This report was originally published in the Journal of Occupational and Environmental Medicine.
Physical inactivity is a major public health threat: inactive adults are at an elevated risk of early death, heart disease, stroke, type 2 diabetes, and depression.1 Despite these dire consequences, fewer than half of American adults meet the recommended guidelines for daily physical activity.1,2 Sedentary jobs contribute to this problem, but the workplace also presents an opportunity for intervention.3,4 Simple, workplace-friendly activities such as brisk walking have been shown to improve employees’ physical and mental health, contribute to lower health care spending, and increase worker engagement and productivity.4?10 According to the Centers for Disease Control and Prevention (CDC), regular physical activity is one of the most effective ways to prevent chronic diseases.11 Further, because of their relatively low cost, high impact, wide reach, and easy implementation, walking programs are attractive to employers who wish to help their employees reap the many health benefits of engaging in regular physical activity.6
Simple, workplace-friendly activities such as brisk walking have been shown to improve employees’ physical and mental health.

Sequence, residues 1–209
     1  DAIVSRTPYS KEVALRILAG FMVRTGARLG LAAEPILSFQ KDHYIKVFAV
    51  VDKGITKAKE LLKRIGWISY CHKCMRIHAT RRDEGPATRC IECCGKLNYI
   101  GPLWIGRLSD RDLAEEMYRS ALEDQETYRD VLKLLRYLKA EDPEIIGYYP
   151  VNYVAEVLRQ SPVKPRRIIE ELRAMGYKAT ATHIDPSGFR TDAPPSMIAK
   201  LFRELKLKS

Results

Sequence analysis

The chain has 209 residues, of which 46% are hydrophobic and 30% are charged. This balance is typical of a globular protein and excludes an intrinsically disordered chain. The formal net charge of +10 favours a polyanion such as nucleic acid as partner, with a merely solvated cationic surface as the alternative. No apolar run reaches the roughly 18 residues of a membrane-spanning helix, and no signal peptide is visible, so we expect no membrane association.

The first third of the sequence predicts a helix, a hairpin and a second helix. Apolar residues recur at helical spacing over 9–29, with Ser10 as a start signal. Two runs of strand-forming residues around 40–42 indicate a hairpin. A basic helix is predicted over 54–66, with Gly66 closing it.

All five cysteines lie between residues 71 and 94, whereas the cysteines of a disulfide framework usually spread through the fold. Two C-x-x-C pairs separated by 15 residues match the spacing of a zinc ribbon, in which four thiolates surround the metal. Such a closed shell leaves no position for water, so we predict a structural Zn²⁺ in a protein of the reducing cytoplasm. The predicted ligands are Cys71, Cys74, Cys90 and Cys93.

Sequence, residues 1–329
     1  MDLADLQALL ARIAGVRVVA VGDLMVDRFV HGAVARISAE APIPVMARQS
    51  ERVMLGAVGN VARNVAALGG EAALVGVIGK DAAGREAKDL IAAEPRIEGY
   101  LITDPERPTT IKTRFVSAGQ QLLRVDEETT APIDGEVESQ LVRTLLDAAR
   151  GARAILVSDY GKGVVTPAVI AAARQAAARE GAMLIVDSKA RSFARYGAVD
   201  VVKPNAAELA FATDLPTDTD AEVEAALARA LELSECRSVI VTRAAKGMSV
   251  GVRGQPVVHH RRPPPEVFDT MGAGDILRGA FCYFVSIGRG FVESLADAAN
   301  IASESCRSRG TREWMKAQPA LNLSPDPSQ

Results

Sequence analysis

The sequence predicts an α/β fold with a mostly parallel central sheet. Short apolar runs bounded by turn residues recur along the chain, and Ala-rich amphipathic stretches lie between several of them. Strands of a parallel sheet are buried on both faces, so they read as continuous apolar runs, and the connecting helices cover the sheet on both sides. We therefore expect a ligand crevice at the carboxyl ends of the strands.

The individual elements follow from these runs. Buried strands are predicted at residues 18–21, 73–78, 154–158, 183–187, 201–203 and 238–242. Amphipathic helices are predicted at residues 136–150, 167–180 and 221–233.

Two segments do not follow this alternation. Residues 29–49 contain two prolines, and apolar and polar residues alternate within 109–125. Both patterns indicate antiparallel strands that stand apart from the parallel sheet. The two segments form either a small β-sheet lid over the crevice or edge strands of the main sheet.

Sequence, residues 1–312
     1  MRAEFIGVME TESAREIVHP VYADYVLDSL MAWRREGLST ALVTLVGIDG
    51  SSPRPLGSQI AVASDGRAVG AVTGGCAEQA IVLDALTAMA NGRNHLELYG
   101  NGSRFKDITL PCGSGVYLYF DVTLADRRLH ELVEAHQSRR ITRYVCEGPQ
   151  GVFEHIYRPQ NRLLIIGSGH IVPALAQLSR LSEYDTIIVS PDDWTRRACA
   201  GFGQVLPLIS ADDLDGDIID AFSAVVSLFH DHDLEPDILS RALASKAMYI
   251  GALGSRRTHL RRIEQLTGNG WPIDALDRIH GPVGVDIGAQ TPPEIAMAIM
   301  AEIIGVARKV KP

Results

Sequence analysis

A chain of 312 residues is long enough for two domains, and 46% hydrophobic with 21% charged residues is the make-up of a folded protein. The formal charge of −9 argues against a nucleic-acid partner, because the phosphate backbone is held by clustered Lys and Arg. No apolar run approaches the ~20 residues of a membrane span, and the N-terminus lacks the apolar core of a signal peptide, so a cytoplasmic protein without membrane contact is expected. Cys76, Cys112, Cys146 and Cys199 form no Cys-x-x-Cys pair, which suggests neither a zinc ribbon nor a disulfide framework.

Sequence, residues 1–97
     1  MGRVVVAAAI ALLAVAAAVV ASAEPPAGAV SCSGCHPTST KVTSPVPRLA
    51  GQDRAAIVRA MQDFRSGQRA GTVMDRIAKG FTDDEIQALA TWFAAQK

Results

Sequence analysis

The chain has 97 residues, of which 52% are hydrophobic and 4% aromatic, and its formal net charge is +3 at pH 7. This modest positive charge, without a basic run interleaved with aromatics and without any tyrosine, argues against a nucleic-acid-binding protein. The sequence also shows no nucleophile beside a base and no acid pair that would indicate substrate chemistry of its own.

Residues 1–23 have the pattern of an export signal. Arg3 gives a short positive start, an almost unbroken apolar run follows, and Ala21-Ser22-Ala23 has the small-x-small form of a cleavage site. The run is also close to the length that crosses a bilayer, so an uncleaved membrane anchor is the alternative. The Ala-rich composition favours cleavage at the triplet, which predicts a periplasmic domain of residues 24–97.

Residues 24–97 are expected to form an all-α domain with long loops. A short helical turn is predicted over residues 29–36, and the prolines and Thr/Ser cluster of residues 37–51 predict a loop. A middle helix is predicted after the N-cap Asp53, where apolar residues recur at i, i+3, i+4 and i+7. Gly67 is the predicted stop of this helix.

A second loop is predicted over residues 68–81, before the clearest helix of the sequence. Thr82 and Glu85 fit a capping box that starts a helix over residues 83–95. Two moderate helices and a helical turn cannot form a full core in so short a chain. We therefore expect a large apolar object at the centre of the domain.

This paper describes an initiative spearheaded by the Bipartisan Policy Center, headquartered in Washington, D.C. and the BPC’s Chief Executive Officer Council on Health and Innovation (CEO Council) to engage business leaders in promoting physical activity in the workplace through the “Building Better Health: Physical Activity Challenge” (Challenge). Members of the CEO Council launched the Challenge with the intention of sharing best practices with other employers interested in improving physical activity among workers and ultimately achieving sustainable behavior change.12 The goals of the Challenge were to raise awareness of the importance of physical activity, improve the health and well-being of employees, and identify strategies that support successful program implementation by other businesses.12
A more modest aim of the Challenge was to pilot test the feasibility of a multi-employer initiative aimed at improving the health and well-being of workers, with an initial emphasis placed on promoting physical activity. The initiative was designed as a “call to action” by CEOs of large companies and structured flexibly to encourage broad engagement of companies’ health promotion staffs, all of whom were already managing their unique programs.